Articles & Advice

Coloring Scenes

It's all in the writing. After all the structuring is done, the scenes themselves have to shine. Most often, when I read a script, I think to myself, "It needs color." Color the characters; color the scenes; color the dialogue. It's all in the writing.

William Goldman shows how
Consider William Goldman's The Princess Bride. Here is an outline of three scenes:

The Man in Black defeats the Spaniard.
The Man in Black defeats the Giant.
The Man in Black defeats the Sicilian.

It doesn't sound particularly exciting, and it doesn't have to--it's an outline. Fortunately, Goldman colored those scenes and they are three wonderful scenes that most everyone enjoys.

My personal favorite is "The Battle of the Wits" in the third scene. The Man in Black apparently pours deadly iocane powder into one of two goblets of wine. The scene ends with a lovely twist after Vizzini dies from drinking the wine in the Man in Black's goblet.

Not only do movies benefit from an unexpected twist but scenes do, too.

It doesn't matter if the location is boring or typical; it's how you color the scene itself that makes the difference. Let's examine a fairly typical scene from a Western. I think you will find it only moderately interesting.

A typical scene
Winslow is the central character who is a bad guy trying to reform, but who believes nothing he can do will make up for his evil past. Prior to this scene, he brought in the murderer Bradford to be hanged. The reference to the bloody pregnant woman is from something in Winslow's past that haunts him.

A quick evaluation of the typical scene
Now if you had submitted the above to me, I'd say it's in fairly good form, but it lacks color. And I would provide the following advice.

Avoid passive verbs (too much use of "is," "are," and other passive verbs). Use active verbs and specific details.

You don't need the words "Off screen" or the camera direction "POV."

Dramatize dramatic moments, such as the hanging. Maybe a bit of humor would help the scene. When I evaluate a script, I often see overwriting. This particular scene is underwritten. It's a key scene that needs more drama and a greater sense of the characters' emotions. [I can say that, having read the entire script.]

You have a crow squawk; maybe it should preside over the scene as a bad-luck symbol. Also, use it for a transition from the vision of the bloody pregnant woman back to scene.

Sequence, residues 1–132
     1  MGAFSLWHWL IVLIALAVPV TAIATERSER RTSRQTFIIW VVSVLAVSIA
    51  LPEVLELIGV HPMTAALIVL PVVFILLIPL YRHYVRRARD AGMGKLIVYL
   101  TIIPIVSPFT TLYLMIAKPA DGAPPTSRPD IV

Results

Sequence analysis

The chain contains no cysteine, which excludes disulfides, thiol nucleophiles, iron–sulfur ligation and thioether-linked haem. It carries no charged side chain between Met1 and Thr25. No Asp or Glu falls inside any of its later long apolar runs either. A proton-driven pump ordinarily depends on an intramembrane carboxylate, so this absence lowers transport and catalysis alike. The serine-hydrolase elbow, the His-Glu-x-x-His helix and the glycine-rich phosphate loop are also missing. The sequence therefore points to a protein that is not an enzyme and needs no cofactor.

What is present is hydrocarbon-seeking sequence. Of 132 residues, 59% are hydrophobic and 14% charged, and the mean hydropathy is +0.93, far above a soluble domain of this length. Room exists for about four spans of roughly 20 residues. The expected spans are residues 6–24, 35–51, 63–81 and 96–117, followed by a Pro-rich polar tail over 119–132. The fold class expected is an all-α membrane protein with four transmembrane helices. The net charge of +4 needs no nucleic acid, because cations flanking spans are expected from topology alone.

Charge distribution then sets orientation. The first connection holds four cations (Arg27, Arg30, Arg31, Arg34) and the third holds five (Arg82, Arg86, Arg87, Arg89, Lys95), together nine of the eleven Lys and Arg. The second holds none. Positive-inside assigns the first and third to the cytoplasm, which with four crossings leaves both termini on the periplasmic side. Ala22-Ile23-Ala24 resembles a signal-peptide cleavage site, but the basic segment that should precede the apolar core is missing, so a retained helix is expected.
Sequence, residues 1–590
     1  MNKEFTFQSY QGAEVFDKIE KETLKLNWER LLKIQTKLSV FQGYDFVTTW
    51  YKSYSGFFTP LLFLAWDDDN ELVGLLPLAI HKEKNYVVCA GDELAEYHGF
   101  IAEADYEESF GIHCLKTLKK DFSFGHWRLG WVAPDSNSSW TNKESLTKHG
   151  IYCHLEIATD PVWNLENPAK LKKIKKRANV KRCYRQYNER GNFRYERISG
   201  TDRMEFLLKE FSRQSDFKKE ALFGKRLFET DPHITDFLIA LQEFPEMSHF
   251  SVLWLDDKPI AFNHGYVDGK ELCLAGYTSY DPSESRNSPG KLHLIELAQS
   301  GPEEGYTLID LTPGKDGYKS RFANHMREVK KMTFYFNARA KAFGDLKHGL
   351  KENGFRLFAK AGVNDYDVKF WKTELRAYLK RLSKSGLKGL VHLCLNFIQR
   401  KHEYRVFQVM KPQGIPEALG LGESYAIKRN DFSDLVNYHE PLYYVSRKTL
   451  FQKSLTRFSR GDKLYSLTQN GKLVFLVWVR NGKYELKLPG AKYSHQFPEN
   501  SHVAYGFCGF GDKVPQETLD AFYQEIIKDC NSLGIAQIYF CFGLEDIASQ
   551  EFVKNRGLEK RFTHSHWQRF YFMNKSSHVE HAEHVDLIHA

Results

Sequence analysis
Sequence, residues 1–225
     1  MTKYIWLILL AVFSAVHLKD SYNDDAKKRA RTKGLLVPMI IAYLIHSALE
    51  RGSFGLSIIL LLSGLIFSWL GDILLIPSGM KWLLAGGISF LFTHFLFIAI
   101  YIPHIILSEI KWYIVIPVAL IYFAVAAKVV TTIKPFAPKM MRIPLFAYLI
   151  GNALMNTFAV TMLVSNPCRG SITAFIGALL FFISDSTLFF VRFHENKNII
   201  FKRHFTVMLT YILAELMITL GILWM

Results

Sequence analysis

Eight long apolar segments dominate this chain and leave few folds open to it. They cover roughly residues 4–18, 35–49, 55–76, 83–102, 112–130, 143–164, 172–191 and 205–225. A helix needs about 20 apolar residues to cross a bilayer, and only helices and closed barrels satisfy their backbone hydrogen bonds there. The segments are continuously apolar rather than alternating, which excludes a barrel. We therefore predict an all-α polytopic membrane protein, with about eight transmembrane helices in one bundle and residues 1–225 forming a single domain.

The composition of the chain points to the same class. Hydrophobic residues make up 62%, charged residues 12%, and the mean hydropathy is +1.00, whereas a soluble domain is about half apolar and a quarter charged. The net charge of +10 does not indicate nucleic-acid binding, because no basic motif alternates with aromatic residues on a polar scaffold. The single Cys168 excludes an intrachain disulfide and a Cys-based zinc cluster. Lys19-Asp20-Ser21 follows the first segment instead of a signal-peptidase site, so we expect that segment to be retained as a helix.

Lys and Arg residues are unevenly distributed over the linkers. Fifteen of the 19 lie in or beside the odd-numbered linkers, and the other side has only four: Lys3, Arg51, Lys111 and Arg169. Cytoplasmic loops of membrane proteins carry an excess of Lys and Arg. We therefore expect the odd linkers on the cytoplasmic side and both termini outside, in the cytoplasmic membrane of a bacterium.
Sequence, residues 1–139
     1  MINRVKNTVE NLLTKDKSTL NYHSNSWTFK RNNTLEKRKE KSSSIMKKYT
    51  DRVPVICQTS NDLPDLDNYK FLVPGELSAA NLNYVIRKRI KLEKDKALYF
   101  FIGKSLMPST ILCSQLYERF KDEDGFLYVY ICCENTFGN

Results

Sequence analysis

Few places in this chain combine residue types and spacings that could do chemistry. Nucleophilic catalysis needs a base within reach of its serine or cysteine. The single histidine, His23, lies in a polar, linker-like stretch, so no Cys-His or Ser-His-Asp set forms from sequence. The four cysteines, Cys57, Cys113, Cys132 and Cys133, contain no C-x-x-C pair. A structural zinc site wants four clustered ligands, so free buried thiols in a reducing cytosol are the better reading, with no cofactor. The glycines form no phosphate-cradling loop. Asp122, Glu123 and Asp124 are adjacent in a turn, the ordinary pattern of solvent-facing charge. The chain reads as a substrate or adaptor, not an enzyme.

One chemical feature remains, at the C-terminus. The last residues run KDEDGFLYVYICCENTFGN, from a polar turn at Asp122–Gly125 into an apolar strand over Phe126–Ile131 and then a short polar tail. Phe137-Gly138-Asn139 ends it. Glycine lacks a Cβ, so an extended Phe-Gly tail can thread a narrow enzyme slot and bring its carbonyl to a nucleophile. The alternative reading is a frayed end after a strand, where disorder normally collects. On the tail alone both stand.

Characterize your characters. Right now, they're rather typical of what we've seen in other movies. You can characterize them by how you describe facial expressions, gestures, and actions. Again, use specific language.

Contrast the sheriff and the minister; emphasize differences. That will help define both. Maybe you can label them more definitively as a characterization tool. For example, what kind of sheriff and what kind of minister? I'm looking for an adjective for each.

At one point, Winslow says, "Is that so?" It might be a good place for him to express his belief that the good he does can never make up for the bad. "Ain't enough" leaves a little room for subtext.

Some of the dialogue is obvious. "I'll see you in Hell" is typical, but could work if there is an original follow-up line or comeback line.

You wrote, "Winslow's thoughts turn to that word 'repentance.' He thinks about his past." Thoughts, insights, and feelings cannot appear on the movie screen. Describe an action or a look that can appear on the movie screen, something that the actor can act.

Coloring the typical scene
The scene below was written by a client who graciously gave me permission to share it. (The script is entitled Chasing Redemption by Daniel P. Douglas). The "original" above is the same scene written by me in an attempt to imitate what I so often see in screenplays that I evaluate.

Let's see how my client colored his scene, which I'm sure you'll find more entertaining than my "original" above. The best learning will come when you carefully compare the "original" with the 'revision' paragraph by paragraph, speech by speech.

When I first read the above scene, I wanted to read more, and that's because 1) I found myself getting involved with Winslow, 2) the elements of the scene and characters were not typical, 3) there is a twist with the gallows not operating properly, and 4) the writing is good.

It's all in the writing...and in coloring your scenes.




Photo credit: Chromatic Typewriter - Tyler Callahan -

DAVE TROTTIER, author of seven books including The Screenwriter’s Bible, has sold or optioned ten screenplays (three produced) and helped hundreds of writers sell their work and break into the biz. He is an award-winning teacher, in-demand script consultant, and friendly host of
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